All the signs are pointing to a July general election. The People’s Action Party is showing real urgency by throwing punches that are aimed at knocking down the opposition.
First punch: The PAP sees the timing as right. It’s now or never. COVID-19 circuit breaker measures have been eased and the PAP is saying let’s rally together, give us a strong mandate so we can continue to fight this thing together.
It’s an unmistakable election rallying cry, it’s what the PAP is best at. Amidst a pandemic, it carries even more sting because the PAP knows that Singaporeans are shaken and their fears and insecurities can be exploited.
Second punch: All the goodies and sweeteners are coming thick and fast. More money for Singaporeans will be credited this month. All kinds of schemes are being rolled out now to help the poor and marginalised, to save jobs and create jobs.
The PAP is signalling that it is doing everything within its power to help ease the pain. Now that Singaporeans have some cash coming in, they feel that the PAP sympathises with their plight. The PAP all of a sudden becomes Santa Claus and Robin Hood rolled in one.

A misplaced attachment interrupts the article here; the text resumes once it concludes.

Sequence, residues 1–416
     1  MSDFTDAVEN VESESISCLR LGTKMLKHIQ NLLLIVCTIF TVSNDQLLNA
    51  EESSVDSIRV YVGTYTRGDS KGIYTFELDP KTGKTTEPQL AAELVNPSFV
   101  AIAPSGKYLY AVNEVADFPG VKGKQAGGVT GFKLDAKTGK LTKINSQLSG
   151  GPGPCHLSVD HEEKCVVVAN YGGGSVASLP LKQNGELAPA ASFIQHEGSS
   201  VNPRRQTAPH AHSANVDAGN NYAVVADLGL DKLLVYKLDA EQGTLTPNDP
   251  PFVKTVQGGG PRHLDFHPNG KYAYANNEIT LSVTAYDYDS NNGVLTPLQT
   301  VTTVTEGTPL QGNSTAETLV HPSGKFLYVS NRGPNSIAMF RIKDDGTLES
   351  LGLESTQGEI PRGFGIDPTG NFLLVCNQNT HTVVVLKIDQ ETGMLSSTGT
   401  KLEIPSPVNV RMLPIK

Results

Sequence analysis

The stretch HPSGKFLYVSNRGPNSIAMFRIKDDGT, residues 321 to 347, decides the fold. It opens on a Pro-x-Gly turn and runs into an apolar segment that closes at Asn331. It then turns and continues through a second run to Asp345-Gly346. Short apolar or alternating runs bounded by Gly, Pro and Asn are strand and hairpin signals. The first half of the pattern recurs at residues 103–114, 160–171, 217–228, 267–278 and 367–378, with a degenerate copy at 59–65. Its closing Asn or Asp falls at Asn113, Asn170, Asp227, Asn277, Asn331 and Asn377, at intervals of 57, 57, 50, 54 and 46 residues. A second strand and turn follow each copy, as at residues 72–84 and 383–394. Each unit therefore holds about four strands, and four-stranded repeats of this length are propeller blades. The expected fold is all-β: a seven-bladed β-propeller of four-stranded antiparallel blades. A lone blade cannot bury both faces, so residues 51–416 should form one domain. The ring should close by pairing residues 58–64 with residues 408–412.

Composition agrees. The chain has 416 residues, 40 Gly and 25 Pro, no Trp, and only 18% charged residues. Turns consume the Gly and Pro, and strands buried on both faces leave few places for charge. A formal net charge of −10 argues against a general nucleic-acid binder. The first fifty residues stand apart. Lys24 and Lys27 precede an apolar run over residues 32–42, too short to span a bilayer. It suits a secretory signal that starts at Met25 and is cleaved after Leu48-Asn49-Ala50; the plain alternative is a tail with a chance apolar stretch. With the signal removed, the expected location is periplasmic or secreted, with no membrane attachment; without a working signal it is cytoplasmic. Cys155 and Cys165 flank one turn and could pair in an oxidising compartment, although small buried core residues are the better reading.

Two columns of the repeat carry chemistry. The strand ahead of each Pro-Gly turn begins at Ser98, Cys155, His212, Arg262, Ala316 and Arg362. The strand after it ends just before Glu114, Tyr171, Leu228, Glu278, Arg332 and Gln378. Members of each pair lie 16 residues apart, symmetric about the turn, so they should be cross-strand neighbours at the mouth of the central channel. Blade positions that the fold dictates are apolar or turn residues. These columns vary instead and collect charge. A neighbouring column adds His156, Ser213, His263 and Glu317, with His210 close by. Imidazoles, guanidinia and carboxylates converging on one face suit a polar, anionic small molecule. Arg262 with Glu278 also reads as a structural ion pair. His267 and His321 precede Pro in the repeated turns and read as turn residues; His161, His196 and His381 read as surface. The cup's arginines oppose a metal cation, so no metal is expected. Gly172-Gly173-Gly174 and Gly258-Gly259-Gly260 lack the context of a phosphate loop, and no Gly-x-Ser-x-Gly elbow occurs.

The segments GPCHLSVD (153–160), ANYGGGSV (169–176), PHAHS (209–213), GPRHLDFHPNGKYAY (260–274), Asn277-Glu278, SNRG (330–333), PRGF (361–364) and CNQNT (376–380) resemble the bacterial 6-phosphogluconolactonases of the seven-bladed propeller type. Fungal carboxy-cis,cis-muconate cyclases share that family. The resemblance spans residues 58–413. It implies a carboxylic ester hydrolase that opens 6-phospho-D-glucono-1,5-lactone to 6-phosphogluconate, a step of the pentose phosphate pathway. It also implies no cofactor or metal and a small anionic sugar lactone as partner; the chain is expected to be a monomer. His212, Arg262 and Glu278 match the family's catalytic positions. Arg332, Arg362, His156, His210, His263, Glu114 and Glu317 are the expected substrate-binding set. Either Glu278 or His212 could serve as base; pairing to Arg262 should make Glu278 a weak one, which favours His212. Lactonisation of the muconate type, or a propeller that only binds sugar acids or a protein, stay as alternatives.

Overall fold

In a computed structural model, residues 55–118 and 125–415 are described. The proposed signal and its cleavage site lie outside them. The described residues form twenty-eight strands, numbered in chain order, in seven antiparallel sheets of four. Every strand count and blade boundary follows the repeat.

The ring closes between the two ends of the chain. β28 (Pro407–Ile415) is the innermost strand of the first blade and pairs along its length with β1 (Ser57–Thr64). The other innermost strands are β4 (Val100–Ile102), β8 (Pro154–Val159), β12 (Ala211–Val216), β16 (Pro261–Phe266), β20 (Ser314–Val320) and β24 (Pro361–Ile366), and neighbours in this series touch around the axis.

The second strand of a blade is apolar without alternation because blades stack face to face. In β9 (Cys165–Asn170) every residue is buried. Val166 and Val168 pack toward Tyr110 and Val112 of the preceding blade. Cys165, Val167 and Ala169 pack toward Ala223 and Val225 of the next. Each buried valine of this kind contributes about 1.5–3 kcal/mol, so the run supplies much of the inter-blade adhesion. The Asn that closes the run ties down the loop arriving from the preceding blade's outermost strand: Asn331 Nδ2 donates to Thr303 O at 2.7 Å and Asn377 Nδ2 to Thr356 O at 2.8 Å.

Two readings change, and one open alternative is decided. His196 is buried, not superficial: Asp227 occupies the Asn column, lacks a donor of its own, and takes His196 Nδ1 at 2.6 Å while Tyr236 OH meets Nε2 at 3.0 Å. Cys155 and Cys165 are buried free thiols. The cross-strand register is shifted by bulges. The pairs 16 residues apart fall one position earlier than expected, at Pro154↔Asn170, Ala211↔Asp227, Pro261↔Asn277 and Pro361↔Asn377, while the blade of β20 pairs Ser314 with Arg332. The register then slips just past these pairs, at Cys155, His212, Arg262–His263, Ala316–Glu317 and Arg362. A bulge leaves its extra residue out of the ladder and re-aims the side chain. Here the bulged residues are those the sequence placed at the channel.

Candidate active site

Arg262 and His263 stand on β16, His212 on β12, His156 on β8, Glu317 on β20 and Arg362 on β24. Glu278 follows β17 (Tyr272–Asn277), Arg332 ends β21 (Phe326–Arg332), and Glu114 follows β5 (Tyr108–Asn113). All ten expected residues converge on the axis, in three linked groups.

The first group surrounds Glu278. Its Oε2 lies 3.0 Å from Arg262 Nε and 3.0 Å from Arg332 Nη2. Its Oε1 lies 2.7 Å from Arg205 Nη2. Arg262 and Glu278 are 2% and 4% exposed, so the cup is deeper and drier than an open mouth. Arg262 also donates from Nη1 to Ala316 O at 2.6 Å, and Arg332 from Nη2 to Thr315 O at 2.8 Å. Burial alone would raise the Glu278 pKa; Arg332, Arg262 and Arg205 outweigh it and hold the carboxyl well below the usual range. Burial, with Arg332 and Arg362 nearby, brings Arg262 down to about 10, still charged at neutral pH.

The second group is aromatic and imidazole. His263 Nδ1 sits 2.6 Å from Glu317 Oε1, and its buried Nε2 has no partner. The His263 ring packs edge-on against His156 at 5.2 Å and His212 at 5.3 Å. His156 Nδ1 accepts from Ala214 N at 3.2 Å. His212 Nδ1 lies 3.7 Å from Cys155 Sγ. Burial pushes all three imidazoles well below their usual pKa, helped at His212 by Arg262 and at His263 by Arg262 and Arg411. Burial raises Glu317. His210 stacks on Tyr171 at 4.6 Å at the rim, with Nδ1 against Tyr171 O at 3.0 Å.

Of course, people think short term, they think of here and now and not what happens after the elections.
Third punch: In a COVID-19 election, the rules of campaigning will be distinctly different. How different nobody knows because although the opposition has been calling for clarity on GE campaigning rules, the PAP has not shown its hand.
In a Facebook post earlier this week titled “Campaign rules need to be out way before writ of election,” Lee Hsien Yang warned that “all political parties are already prepared for e-campaigning, but you never know when a new curveball would be thrown given the recent advisories on cybersecurity and foreign interference.”
He also cautioned that “for the first time, the political parties will also be campaigning in a Pofma environment.”
When the campaigning rules are finally made known, there could well be shocks for the opposition and they would have very little time to make adjustments. This could be the biggest blow of all.
Given the one-two-three punch from the PAP, can the opposition put up a creditable fight?
Will Singaporeans give the underdogs a chance, seeing that they are being pummelled in a contest that is tilted so much in favour of one side?